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Here there are some graphs I obtained from data of pull-test made by University of Nebraska with a John Deere 8360R and a John Deere 8360RT.

The two tractors have no the same PTO power, so I use a corrective coefficient to compare them, thanks to the PTO test at 1800 RPM.

They have also not the same weight, so for comparing the pull force I divided it by the weight, to have an adimensional factor.

Here some results, if needed I can provide more graphs and elaborations.




This graphs has on X-axis the pull-force/weigth ratio, on Y-axis there is the slip expressed as percentage:

XtremeShack.com ... Free Image Hosting by XtremeHardware.com - confronto-cingoli - immagine 213166
 

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I look at it this way. a track is for a high draft load where you need a whole lot of traction. like a 90' air seeder with a 1000 bu cart and a 3000 gal liquid tank on hills going under 5 mph. with minimal compaction. However it is not efficient when you need speed and power like a 70' heavy harrow or a vertical tilllage unit where you need speeds in access of 8.5 mph. tracks loose their efficiency when you need speed.
 

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Discussion Starter #6
The drawbar test were done on an asphalt surface, so slip in different condition can obviously be different, but in this graph i rapresented the power that the tractor have at the drawbar, that is not the total power because the losses of transmission and for move all the components of tracks: <http://www.xtremeshack.com/photos/20140206139170784679748.png
From this power, we have to consider slip to obtain real power
 

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The drawbar test were done on an asphalt surfacehttp://
Not to get technical on you but if this was done by the University of Nebraska that would mean the Nebraska Tractor Test Lab (NTTL) which is a concrete track.

Thanks for this, takes a bit of desighphering but interesting.:)
 

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and your point is??? what are you trying to get across? your local soil type and equipment you use should determine the type of traction needed i would say.
 

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Discussion Starter #13 (Edited)
No, it is not. When you test tractors at the dyno to understand PTO power, the same you do to measure the power at drawbar, to analize tracks power losses.

This graphs are not about traction capability, that depends on soil condition, but about power losses on drivetrain, that not depends on soil.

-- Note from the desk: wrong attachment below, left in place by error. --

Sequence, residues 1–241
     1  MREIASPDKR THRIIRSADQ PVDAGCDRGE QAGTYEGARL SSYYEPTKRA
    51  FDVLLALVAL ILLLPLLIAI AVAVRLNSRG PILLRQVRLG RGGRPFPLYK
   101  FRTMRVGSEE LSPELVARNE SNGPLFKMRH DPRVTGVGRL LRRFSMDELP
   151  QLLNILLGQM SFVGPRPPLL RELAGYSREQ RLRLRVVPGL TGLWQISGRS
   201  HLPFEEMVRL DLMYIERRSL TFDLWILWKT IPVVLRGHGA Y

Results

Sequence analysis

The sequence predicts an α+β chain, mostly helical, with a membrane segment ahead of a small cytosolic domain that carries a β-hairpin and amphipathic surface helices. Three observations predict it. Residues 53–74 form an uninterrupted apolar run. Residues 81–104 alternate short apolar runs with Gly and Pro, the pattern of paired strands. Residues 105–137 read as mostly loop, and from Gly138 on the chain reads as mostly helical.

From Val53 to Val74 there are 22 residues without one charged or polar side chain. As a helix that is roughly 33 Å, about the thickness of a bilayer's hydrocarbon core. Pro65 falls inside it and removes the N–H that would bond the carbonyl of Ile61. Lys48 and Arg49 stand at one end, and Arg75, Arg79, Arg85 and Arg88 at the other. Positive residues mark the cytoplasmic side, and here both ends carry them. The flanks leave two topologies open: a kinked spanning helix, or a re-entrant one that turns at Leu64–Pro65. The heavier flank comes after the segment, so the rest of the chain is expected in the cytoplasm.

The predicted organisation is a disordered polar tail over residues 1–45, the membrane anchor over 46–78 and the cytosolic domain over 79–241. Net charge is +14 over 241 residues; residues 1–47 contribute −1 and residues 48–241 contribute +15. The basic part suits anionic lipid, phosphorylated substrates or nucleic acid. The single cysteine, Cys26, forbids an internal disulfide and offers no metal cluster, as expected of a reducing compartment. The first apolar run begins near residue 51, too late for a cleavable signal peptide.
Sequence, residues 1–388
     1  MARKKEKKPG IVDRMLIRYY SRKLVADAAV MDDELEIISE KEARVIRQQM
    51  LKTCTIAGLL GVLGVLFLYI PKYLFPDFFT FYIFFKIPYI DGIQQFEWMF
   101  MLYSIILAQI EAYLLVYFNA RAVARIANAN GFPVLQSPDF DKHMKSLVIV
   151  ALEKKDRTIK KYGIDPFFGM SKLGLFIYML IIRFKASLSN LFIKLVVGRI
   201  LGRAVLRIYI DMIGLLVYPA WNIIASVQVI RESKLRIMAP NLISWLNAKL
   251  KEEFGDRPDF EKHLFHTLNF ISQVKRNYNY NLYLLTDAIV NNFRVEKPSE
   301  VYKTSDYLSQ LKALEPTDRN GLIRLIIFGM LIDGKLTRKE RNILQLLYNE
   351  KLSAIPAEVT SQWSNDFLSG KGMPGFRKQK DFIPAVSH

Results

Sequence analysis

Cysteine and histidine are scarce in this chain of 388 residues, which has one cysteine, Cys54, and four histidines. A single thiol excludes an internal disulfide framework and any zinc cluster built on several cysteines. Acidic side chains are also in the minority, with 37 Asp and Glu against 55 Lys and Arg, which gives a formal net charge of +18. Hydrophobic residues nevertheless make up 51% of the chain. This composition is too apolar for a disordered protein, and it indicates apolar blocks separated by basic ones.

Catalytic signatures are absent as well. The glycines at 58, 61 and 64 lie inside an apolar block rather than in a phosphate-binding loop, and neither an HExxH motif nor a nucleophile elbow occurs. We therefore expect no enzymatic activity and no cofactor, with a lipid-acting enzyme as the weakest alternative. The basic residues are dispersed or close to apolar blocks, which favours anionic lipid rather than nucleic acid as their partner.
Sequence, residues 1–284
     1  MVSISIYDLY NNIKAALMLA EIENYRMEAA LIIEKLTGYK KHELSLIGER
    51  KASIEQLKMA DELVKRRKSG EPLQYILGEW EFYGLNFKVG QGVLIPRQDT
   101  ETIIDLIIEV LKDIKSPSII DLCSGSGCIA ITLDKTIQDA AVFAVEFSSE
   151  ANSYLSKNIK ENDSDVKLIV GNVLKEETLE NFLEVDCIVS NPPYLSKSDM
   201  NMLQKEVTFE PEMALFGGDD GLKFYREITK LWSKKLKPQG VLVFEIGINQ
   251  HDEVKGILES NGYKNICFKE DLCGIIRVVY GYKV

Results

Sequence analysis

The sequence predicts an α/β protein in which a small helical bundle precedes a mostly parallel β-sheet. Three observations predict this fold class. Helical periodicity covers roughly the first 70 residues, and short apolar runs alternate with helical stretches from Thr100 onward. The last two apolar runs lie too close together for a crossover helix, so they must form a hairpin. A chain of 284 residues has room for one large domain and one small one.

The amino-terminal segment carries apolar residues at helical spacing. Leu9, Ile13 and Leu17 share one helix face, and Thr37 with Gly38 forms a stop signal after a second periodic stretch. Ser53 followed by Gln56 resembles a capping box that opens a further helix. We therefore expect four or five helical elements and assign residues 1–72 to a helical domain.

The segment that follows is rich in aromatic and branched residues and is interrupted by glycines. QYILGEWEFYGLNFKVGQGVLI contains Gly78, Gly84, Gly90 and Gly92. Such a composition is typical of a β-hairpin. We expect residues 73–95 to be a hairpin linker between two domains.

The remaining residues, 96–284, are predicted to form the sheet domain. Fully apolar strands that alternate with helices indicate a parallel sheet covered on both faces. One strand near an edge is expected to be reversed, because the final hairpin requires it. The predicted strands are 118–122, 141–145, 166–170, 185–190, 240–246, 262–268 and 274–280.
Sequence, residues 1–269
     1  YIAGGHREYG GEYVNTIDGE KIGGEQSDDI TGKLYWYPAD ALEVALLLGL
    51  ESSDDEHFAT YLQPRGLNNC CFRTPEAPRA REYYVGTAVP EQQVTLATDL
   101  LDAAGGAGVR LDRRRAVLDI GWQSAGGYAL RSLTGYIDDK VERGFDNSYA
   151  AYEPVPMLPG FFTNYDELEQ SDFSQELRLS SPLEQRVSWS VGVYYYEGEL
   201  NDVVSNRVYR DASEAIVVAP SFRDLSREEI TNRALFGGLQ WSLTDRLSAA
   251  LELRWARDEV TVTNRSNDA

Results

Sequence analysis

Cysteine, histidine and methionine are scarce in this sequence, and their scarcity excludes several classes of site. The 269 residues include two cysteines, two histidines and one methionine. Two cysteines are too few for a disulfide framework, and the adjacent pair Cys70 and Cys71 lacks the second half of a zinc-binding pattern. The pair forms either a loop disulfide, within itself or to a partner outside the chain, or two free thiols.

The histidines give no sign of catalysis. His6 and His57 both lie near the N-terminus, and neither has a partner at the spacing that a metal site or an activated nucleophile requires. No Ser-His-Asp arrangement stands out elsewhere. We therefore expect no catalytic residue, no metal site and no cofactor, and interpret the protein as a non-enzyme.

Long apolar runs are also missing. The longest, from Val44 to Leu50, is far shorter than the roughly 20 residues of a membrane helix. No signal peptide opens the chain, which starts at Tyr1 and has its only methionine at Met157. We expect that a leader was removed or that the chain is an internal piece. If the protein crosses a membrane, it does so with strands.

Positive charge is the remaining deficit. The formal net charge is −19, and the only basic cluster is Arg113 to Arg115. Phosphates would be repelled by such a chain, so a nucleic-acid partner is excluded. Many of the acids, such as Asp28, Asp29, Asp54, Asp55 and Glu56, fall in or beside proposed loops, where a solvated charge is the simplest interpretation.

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I look at it this way. a track is for a high draft load where you need a whole lot of traction. like a 90' air seeder with a 1000 bu cart and a 3000 gal liquid tank on hills going under 5 mph. with minimal compaction. However it is not efficient when you need speed and power like a 70' heavy harrow or a vertical tilllage unit where you need speeds in access of 8.5 mph. tracks loose their efficiency when you need speed.
Yeah, but it is so nice to be able to go over ditches/furrows at 8.5-10mph and not get launched into the top of the cab when pulling a vt tool with tracks.
 

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when i can put a promod car consistently into 6.2 second 1/4 mile pass after pass, i can say something about hp. sometimes it not all about how much hp, but how it is applied to the track, no different than a field, imho
 

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Yeah, but it is so nice to be able to go over ditches/furrows at 8.5-10mph and not get launched into the top of the cab when pulling a vt tool with tracks.
On our farm it is an absolute fight over the track machines. Nobody want to run the 800 duals, especially pullin at high speeds. Tracks are way smoother in 99.9% of the field. Anywhere there is ruts tires suck.
 

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No, it is not. When you test tractors at the dyno to understand PTO power, the same you do to measure the power at drawbar, to analize tracks power losses.

This graphs are not about traction capability, that depends on soil condition, but about power losses on drivetrain, that not depends on soil.
I was misreading the post and understand your point. I still think it's almost irrelevant though. Power to the drawbar in the field is what we all need.
 

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The interesting equation would be pull power for $ spent. What would happen if you spent for example the same dollars for the 8360t on a large frame 4WD would the tracks become irrelevant? Or perhaps more dollars on tire equipment either for floatation or traction.

I would in my case, spend on tracks for CTF as the tractors tires don't stand up to the weight loads on singles well.
 
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